Reviews Logo
SearchHomeContents PageSite Map
Ivy's Ever After
Dawn Lairamore
Holiday House, 320 pages

Ivy's Ever After
Dawn Lairamore
Dawn Lairamore grew up all over the world in a military family. Eventually they settled in California, where she received a degree in English from the University of California, Davis. Then she worked as an editorial assistant for a small publishing house and later as a technical writer for a software conglomerate. She decided to return to school to get a paralegal degree.

Dawn Lairamore Website
ISFDB Bibliography

Past Feature Reviews
A review by John Enzinas

As you might expect, Ivy's Ever After by Dawn Lairamore is a fairy tale about a girl named Ivy. Like many of her kin, she's a princess whose mother died in childbirth and who was left with a father who had lost his mind from grief. Due to his mental absence and her disinclination to listen to her nursemaid, Ivy grew up as something of a wild child, fond of running around with her friends and much less interested in being a quiet princess as her nursemaid would prefer.

Then she discovers the terrible secret of the kingdom. On her thirteenth birthday, she gets locked up in a tower with a dragon for a guard until someone comes along and kills the dragon and rescues her (and as part of the deal marries her and inherits the kingdom). Ivy is, of course, not terribly keen on this idea but on this one thing her father is adamant. Then comes the first prince. He is a terrible man with terrible plans for the kingdom which Ivy discovers before she is sent to the tower. She decides to escape and somehow rescue the kingdom from its terrible fate. In escaping she befriends the dragon sent to guard her and together they set about to stop the prince, save the kingdom and better the condition of both their peoples.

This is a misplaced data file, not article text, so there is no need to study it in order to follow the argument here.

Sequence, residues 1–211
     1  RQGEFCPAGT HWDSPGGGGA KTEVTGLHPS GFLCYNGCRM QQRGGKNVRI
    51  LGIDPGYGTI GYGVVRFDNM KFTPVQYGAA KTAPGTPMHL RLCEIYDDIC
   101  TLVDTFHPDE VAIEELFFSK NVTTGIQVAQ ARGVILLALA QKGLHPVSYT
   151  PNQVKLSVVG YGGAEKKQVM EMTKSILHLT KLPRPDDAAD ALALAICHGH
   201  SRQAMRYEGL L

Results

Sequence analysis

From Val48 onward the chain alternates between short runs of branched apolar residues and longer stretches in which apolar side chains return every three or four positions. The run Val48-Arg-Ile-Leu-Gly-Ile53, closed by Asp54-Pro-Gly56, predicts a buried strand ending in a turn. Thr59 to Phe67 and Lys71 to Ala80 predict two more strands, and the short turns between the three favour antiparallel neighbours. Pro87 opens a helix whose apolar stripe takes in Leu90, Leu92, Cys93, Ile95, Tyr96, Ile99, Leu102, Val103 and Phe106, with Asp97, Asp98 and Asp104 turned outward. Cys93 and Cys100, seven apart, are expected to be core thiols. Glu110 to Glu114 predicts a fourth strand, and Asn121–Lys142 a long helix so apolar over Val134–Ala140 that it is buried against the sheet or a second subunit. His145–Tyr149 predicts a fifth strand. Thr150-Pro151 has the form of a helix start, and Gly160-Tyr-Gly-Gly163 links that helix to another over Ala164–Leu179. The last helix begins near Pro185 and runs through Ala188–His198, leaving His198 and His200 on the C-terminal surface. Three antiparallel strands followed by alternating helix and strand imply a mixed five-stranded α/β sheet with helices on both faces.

This is not a complicated story. There are no surprising twists, no astonishing reveals, no subversion of typical fairy tale tropes (other than the tomboy princess but that's kind of a modern trope). Ivy faces a series of challenges and overcomes them with the tools she has been given. In the end, the day is saved and every one lives if not happily, then at least no less happy than they were before the story started (except for the bad guy).

However, given that the book is aimed at pre-teen girls, I think it nails the level of complexity that it was going for perfectly. It has good clear messages about self reliance, acceptance of people who are different and coming to terms with the unreasonable demands of the real world. That last message is, I think, particularly useful. I'm looking forward to reading this one to my just-turned-seven daughter.

Copyright © 2010 John Enzinas

John Enzinas reads frequently and passionately. In his spare time he plays with swords.

SearchContents PageSite MapContact UsCopyright

If you find any errors, typos or anything else worth mentioning, please send it to
Copyright © 1996-2014 SF Site All Rights Reserved Worldwide